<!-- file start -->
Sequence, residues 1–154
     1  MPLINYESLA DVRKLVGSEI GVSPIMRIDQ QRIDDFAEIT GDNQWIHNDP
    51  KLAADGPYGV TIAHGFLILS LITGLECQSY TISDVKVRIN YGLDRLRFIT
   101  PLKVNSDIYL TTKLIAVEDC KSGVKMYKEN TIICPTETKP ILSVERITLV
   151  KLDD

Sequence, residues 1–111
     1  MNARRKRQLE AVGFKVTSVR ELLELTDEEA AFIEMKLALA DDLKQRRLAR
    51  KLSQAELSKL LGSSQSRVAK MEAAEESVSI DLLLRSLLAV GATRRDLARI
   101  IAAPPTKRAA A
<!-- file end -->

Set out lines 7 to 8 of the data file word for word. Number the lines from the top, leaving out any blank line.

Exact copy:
     1  MNARRKRQLE AVGFKVTSVR ELLELTDEEA AFIEMKLALA DDLKQRRLAR
    51  KLSQAELSKL LGSSQSRVAK MEAAEESVSI DLLLRSLLAV GATRRDLARI